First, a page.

Energy yield from aerobic metabolism
Without oxygen we'll die (well duh), and it's critical for sustaining our body's energy production needs, and just like many means of releasing energy through chemical reactions (e.g. rockets, campfires, internal combustion engines and many other chemical reactions), our bodies also use oxygen to help release useful energy from fuel.
Of the biochemical reactions that release energy aerobically (i.e. with oxygen), we utilise two primary fuel sources, one being glycogen and the other free fatty acids (from our body fat stores). Most of the time we obtain energy from both, but when exercising at near threshold power and above, we are heavily, if not solely, reliant on glycogen to meet the energy demand.
Using glycogen as fuel, our body can release around 21.1 kilojoules (kJ) of energy per litre of oxygen. We get a little less from aerobic fat metabolism, around 19.8kJ per litre. So in general the energy released per litre of oxygen utilised is somewhere around 20-21 kJ depending on the mix of fuel substrate used.
We do have the means to also produce energy without oxygen (i.e. anaerobically), however such energy pathways are available to us only for brief periods and are not sustainable, but are good for rapid energy demand (e.g. sprinting) and to supplement the energy provided via aerobic means when the energy demand exceeds our ability to supply via aerobic metabolism alone. Due to the limited supply of such energy though, such efforts are of short duration (seconds to minutes).
Here's a summary of the main energy pathways used by our bodies. It's a fairly complex topic (e.g. just look up the Kreb's Cycle for starters), and is one for the physiologists to chat about over a beer, beer being another key fuel substrate and one of the major food groups, along with burritos, donuts, caffeine and chocolate.
The basic definition of gross efficiency (GE) is the ratio of work done during the specific activity to the total energy expended and expressed as a percentage.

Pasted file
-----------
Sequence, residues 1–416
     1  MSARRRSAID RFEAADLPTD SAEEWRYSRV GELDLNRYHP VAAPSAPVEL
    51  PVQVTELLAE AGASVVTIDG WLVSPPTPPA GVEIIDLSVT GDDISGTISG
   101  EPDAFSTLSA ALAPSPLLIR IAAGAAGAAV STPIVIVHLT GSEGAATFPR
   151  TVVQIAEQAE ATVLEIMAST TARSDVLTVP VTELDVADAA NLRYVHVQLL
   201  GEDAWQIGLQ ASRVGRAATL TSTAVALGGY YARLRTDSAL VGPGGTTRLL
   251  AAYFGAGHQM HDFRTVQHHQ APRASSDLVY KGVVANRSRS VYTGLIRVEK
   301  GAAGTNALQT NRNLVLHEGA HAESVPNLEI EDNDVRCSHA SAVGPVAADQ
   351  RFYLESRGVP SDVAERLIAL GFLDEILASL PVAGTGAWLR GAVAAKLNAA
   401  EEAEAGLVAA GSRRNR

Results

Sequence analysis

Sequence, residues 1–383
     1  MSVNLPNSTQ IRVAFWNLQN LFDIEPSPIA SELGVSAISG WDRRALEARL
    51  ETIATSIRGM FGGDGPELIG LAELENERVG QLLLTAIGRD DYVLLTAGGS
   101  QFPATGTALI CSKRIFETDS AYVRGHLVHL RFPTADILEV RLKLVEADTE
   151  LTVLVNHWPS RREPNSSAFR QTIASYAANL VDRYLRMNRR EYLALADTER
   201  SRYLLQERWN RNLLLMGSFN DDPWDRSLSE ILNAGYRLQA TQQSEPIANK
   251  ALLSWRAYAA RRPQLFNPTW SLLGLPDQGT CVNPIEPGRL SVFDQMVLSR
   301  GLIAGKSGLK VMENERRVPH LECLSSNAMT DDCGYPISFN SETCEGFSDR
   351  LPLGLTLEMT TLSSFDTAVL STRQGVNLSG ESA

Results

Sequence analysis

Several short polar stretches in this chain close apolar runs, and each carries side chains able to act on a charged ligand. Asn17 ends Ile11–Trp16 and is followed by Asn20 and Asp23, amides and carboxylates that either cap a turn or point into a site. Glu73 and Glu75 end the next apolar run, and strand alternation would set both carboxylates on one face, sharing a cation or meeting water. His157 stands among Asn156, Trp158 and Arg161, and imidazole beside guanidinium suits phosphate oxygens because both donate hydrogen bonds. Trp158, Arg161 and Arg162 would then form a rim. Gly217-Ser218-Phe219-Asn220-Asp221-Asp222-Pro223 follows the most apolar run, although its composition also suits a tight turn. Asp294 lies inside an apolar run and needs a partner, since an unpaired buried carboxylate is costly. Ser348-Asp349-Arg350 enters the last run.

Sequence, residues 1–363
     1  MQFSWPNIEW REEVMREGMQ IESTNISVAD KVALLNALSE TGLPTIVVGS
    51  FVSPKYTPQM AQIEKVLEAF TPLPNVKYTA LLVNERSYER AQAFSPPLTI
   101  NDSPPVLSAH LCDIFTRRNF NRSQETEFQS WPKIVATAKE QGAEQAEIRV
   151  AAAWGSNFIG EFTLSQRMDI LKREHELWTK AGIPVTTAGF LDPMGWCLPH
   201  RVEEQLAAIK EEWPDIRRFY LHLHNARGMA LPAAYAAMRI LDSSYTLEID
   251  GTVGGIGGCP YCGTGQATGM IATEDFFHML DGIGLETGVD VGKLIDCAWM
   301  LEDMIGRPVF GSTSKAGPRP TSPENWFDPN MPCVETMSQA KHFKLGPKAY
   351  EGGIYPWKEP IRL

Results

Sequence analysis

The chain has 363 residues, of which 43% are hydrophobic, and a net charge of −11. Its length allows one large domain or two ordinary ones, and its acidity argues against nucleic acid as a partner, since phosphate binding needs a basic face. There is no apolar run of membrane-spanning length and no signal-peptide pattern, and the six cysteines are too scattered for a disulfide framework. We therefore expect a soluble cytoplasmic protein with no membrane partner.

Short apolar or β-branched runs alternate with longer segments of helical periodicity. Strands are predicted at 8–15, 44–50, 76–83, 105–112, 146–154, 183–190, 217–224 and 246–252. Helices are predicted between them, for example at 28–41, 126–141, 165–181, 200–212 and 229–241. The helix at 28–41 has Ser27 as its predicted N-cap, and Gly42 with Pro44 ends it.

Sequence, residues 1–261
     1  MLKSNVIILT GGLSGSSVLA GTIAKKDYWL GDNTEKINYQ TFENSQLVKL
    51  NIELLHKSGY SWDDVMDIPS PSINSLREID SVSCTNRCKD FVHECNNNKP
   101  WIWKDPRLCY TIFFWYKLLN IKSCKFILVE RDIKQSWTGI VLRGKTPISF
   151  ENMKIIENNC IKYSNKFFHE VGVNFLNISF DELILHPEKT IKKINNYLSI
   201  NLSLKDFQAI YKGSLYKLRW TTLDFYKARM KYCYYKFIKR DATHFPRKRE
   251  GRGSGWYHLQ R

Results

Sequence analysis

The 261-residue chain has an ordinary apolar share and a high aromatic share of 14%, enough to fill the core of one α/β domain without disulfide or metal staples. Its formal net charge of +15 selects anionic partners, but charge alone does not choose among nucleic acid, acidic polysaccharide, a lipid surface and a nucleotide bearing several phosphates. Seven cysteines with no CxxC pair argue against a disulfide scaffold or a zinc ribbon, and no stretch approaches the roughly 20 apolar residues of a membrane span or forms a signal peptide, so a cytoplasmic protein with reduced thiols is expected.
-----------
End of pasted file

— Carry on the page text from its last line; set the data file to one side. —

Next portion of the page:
In the case of cycling, GE is the ratio of the energy delivered to the cranks of the bicycle to the total energy metabolised by our body. Sometimes this is referred to as gross mechanical efficiency (GME), just to emphasise the relationship between the mechanical work done at the cranks, to the total energy metabolised by the body.
There are a number of definitions of efficiency in exercise physiology and if you'd like to read about them in a little more depth, then this paper:
by Lukh Moseley and Asker Jeukendrup (MSSE 0195-9131/01/3304-0621/$3.00/0 ) is a reasonable place to start and I'm sure there are others. That's just the PubMed extract which doesn't say much about the definitions, but you can find full text version online if you search, and it's a little more instructive.
As highlighted in that paper, trained cyclists typically perform with a GME of around 19-24%, meaning that of the energy metabolised, only about one-fifth to one-quarter actually ends up propelling us forward on a bike. The balance is mostly given off as waste heat, with a little energy of course needed for life support functions!
Have a quick think about that: for every watt you generate at the cranks, you are geneating around another 4 watts of heat. A rider performing longer intervals at 300W is generating somewhere in the vicinity of 1200W of heat! This is precisely why cooling is so vital for performance, as we need to dissipate that excess heat in order to continue to perform at that level.
To measure efficiency we need to measure both our energy output to the bicycle (via a power meter) and our total energy metabolised, which is done via the same respiratory gas exchange analysis equipment used to test VO2max, indeed the two factors are usually measured from the same test. Perhaps one day there will be practical and portable means to measure energy metabolised in the field but for now, the only reliable means is in the lab.
Gross mechanical efficiency can be acutely affected by things such as fatigue, hydration status, glycogen levels, environmental conditions and so on. Chronically we have an efficiency level granted to us by genetic inheritance plus however much we can manage to improve over the course of our cycling careers.